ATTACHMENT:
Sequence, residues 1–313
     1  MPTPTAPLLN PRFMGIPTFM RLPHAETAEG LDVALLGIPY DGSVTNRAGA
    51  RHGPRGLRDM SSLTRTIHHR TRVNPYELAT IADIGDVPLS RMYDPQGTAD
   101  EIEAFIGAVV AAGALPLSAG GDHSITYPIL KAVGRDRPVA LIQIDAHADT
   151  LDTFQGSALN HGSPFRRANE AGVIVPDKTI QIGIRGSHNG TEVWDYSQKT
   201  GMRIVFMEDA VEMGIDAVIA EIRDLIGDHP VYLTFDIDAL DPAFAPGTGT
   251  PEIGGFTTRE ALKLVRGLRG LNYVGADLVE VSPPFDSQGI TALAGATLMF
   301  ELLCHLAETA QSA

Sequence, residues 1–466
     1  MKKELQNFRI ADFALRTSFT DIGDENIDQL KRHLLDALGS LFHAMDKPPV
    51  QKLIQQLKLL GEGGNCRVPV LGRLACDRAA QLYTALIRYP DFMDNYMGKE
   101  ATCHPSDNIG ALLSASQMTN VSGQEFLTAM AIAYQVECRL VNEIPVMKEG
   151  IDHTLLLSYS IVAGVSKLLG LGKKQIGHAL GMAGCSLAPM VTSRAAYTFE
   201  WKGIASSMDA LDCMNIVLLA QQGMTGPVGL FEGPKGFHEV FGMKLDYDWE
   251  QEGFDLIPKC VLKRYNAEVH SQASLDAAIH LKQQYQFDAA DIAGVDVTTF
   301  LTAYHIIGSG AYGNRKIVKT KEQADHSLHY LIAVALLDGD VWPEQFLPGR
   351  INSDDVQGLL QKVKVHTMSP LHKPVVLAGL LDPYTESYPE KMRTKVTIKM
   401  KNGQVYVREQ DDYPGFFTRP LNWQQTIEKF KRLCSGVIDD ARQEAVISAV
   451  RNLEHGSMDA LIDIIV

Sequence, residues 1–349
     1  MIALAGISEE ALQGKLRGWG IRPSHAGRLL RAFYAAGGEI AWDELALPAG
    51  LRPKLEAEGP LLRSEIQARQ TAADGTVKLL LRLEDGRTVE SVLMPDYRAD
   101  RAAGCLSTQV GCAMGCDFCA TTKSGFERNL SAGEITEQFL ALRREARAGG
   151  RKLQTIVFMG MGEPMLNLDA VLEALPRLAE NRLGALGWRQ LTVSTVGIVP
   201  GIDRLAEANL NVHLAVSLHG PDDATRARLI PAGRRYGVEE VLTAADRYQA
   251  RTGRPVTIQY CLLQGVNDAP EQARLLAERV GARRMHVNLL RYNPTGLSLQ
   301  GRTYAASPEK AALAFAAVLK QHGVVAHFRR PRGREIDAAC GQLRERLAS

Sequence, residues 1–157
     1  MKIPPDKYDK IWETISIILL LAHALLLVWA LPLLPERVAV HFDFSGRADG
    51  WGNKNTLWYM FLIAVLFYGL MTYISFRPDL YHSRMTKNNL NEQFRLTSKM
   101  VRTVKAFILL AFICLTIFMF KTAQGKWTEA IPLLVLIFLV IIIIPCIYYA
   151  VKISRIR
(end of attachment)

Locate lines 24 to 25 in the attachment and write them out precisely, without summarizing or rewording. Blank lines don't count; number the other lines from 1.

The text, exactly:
   151  RKLQTIVFMG MGEPMLNLDA VLEALPRLAE NRLGALGWRQ LTVSTVGIVP
   201  GIDRLAEANL NVHLAVSLHG PDDATRARLI PAGRRYGVEE VLTAADRYQA